Most fans who bought Faith No More's #9 1990 hit single "Epic" had no idea the group had been around for eight years and had begin life as a postpunk harcore-thrash band.Bassist Billy Gould and keyboardist Roddy Bottum had both played on the Los Angeles punk-rock scene of the late '70s, before moving to San Francisco to attend college. Through a classified ad placed by drummer Mike Bordin, they formed Faith No More, recruiting guitarist Jim Martin from a local thrash band with future Metallica bassist Cliff Burton. At club gigs they let audience members be vocalists; Chuck Mosely, who often wore a dress, was among the most frequent volunteers, and eventually joined the band. "We Care a Lot" – a sardonic thrash-funk answer to "We Are the World" – got college-radio play, and some MTC play for its video, leading to a deal with Warner Bros.-distributed Slash Records. Mosely was kicked out after two albums and two European tours, because of his "unpredictable behavior."
With an album's worth of new music written, Faith No More auditioned new vocalists and quickly selected Mike Patton, from the bizarrely theatrical Mr. Bungle. Patton wrote lyrics to match Faith No More's new tunes for The Real Thing (#11, 1990), which sold over a million copies, thanks largely to "Epic" (#9, 1990), an anthemic mix of funk-rap verses and hard-rock choruses. On tour, Patton sometimes wore leisure suits or monster masks, while the band played surprising but seemingly sincere covers of New Kids on the Block's "Right Stuff," Madonna's "Vogue," and the Commodores' easy-listening classic "Easy."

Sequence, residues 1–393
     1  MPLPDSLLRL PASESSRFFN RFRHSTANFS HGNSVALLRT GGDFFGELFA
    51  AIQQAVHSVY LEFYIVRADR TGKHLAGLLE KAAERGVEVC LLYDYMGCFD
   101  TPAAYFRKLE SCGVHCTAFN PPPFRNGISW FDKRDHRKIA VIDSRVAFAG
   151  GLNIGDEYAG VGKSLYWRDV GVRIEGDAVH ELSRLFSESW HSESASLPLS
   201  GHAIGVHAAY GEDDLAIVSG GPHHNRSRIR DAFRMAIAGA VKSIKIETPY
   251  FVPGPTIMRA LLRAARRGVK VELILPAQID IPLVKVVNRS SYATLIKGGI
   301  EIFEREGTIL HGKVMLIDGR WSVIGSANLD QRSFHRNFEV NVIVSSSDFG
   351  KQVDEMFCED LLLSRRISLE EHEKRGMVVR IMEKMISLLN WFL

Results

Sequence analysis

In 1991 Patton recorded an album with Mr. Bungle, and Faith No More contributed "The Perfect Crime" to the soundtrack of the film sequel Bill & Ted's Bogus Journey, in which Jim Martin had a bit part. Angel Dust (#10, 1992) failed to yield a hit single, while Songs to Make Love To included the band's covers of "Easy" and the Dead Kennedys' "Let's Lynch the Landlord." Martin was replaced by Mr. Bungle guitarist Trey Spruance for King for a Day/Fool for a Lifetime, a genre-shuffle that added Portuguese balladry and soulful crooning to the band's militantly eclectic agenda. The group's final studio release, Album of the Year (#41, 1997), saw another new guitarist, Jon Hudson, step in for Spruance. A greatest hits package, Who Cares a Lot, recapped Faith No More's career, which officially ended in 2000 when its members finally called it quits.
Patton recorded a third Mr. Bungle release in 1999, while Bottum achieved fresh commercial success with his own side project Imperial Teen, which formed in 1996. "Yoo Hoo," from that group's second album, What Is Not to Love (1998), found steady rotation on modern-rock radio, where its catchy chorus played as quirky novelty.
This biography originally appeared in The Rolling Stone Encyclopedia of Rock & Roll (Simon & Schuster, 2001).
To read the new issue of Rolling Stone online, plus the entire RS archive: Click Here
MUSIC 9 Classic Devo Videos
OLYMPICS 18 Epic Opening Ceremonies